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Vegetables plunge by up to 44% the past three week on surge in arrivals

Tue July 07 2020

 

 

Vegetable prices have declined about 44 per cent over the past three weeks because of a sharp increase in arrivals of new crops. Besides, there has also been a reduction in mandi arrivals as farmers and aggregators are supplying directly to consumers.

 

The data compiled by the National Horticulture Board showed okra prices fell 44 per cent in Bengaluru to Rs 9 a kg on Monday, as against Rs 16 a kg on June 16. At the wholesale mandi in Mumbai, okra prices plunged 37.5 per cent to trade at Rs 20 a kg on Monday, as against Rs 32 a kg three weeks ago. Prices of vegetables like brinjal, cabbage, and cauliflower have also declined sharply since the start of Unlock 1.

 

“Vegetable prices have declined due to bumper arrivals. The current price decline has worsened farmers’ financial condition, which was destroyed in March-April because of mandi closures, labour and logistics problems,” said Sriram Gadhave, president of the Vegetable Growers Association of India (VGAI).

 

Farmers couldn’t harvest the first cycle of summer crop in March because of the lockdown. “Now, the new cycle of crop is arriving. With the government allowing sales of essential commodities directly to consumers, farmers have come together to become aggregators. They are supplying fresh produce to bulk and retail consumers. However, farmers are still facing acute labour shortage for harvesting, loading and unloading of fresh vegetable produce,” said Jaysingh Waykar, a Pune-based farmer.

 

https://bsmedia.business-standard.com/_media/bs/img/article/2020-07/07/full/1594064401-3416.jpg

 

At the Azadpur mandi, barring cauliflower, which became cheaper by 10 per cent, wholesale prices of almost all vegetables were higher amidst supply disruptions from nearby states like Uttar Pradesh, Haryana, Punjab, and Rajasthan.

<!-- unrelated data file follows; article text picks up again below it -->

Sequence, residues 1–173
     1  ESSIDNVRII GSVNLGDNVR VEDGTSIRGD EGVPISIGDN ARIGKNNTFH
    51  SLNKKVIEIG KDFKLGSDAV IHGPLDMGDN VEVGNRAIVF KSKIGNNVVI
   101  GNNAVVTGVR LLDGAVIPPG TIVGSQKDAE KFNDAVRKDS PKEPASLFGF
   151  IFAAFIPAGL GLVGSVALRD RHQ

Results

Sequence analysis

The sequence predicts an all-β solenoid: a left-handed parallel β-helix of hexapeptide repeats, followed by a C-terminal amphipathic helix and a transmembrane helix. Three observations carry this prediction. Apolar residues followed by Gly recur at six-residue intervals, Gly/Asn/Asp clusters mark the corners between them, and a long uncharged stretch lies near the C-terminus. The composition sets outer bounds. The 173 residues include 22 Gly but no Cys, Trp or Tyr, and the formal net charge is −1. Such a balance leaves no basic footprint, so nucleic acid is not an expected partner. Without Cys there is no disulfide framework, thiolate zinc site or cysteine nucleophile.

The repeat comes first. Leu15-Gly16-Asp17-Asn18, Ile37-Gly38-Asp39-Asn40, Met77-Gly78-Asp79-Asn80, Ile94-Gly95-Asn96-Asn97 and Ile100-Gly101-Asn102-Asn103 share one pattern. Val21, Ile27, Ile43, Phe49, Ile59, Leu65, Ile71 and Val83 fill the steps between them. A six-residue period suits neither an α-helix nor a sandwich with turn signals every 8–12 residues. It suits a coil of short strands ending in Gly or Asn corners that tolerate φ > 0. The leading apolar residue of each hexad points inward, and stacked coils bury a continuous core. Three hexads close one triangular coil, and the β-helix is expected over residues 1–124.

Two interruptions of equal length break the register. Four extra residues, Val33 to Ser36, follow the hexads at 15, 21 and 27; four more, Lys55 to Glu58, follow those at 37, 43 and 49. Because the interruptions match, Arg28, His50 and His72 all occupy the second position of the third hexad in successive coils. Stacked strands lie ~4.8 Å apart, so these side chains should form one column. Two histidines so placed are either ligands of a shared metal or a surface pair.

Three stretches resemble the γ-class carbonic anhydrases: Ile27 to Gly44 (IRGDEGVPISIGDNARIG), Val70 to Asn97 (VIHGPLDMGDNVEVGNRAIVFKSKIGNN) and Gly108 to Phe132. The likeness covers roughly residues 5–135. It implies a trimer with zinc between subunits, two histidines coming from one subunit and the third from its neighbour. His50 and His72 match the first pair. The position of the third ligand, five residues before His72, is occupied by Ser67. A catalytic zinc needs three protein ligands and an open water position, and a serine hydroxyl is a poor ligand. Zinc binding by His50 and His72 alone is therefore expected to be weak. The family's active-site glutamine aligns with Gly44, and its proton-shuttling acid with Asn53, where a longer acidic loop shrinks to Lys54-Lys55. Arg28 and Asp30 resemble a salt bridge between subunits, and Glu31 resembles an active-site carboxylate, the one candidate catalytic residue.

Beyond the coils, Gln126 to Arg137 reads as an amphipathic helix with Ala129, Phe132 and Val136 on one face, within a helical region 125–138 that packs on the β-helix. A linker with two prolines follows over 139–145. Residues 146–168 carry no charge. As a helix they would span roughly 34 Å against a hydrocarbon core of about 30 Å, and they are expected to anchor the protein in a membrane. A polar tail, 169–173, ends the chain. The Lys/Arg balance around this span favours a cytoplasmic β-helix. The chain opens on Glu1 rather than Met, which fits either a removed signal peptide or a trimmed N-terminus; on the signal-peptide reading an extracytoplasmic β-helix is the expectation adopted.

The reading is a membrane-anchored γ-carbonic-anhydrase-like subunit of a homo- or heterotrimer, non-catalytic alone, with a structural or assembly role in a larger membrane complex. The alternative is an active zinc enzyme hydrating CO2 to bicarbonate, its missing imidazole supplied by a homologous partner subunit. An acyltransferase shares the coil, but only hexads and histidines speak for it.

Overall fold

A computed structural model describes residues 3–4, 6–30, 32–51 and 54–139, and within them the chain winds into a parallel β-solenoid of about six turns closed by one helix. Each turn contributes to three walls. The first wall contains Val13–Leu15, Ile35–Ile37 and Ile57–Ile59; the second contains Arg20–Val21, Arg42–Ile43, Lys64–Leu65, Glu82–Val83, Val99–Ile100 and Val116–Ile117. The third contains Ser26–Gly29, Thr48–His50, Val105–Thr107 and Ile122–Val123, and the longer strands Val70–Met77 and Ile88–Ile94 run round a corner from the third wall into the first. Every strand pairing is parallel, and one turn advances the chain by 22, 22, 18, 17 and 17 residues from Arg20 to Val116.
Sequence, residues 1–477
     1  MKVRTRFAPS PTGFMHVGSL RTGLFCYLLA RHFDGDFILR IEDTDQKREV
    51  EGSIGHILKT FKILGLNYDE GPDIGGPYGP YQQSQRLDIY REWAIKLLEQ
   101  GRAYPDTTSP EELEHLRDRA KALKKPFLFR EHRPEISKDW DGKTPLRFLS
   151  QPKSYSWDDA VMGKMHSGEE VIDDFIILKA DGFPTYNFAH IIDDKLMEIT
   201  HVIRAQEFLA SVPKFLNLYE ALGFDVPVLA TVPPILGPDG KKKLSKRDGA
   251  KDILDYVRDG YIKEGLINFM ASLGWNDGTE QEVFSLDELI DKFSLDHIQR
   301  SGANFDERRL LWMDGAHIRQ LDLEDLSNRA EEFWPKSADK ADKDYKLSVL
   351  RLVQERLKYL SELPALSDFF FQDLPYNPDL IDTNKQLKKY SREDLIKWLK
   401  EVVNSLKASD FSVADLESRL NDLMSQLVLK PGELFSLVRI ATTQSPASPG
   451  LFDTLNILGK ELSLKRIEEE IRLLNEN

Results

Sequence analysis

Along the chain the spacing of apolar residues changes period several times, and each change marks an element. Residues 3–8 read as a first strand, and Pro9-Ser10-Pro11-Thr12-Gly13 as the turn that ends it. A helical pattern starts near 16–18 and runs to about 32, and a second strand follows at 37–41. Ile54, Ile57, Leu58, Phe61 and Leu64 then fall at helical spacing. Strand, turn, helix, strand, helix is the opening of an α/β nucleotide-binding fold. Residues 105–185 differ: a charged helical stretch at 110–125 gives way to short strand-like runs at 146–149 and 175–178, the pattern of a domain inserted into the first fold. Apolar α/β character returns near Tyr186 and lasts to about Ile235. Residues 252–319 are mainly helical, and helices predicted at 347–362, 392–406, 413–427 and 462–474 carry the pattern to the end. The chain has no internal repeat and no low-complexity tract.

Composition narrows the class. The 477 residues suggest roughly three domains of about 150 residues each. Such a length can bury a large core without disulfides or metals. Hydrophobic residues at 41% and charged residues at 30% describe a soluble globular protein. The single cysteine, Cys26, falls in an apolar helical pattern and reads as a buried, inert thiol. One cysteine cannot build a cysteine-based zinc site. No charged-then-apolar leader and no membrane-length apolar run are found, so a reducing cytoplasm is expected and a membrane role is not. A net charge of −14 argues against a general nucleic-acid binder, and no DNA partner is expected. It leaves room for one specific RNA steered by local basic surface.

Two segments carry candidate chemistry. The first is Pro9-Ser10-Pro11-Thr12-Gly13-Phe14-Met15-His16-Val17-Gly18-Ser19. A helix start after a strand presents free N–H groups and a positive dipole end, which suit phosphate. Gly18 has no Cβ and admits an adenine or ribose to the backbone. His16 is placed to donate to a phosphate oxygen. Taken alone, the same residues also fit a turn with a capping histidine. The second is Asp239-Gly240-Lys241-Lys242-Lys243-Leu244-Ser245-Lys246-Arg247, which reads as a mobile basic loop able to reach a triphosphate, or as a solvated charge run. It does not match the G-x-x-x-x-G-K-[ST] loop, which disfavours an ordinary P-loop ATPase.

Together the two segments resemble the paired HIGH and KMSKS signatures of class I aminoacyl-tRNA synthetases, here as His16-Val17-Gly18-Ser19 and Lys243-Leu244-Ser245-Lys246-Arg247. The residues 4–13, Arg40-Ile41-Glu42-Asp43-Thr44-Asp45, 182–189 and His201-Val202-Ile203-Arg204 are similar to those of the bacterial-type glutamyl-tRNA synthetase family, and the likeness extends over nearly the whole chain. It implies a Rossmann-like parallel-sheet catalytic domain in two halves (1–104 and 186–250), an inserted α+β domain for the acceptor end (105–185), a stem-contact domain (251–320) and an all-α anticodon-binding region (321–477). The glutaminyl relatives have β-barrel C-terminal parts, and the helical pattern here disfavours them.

Normally, vegetables prices move up with the onset of the monsoon because of a disruption in transport from farms to mandis. However, the government has abolished mandatory supply of farm produce to mandis.

 

“With the water table high because of a normal monsoon last year and favourable rains during

 

rabi sowing season, the progress of horticulture crops was very good, resulting in bumper production of perishables this year.

 

While arrivals have declined at mandis as farmers are supplying directly to consumers, overall supply of vegetables has increased.

 

Now, future price movement will depend on the intensity of rains, which may disrupt transportation,” said Sunil Singatkar, director of the Vashi APMC.

 

In most cases, however, retail consumers are paying higher prices in the absence of direct procurement from aggregator or farmers.

 

Cabbage for example, has become costlier by 20 per cent and is trading at Rs 60 a kg in the retail market in Mumbai, as compared to Rs 50 a kg three weeks ago. Onions are selling at Rs 25 a kg, compared with Rs 15 a kg on June 16.

 

Source: https://www.business-standard.com

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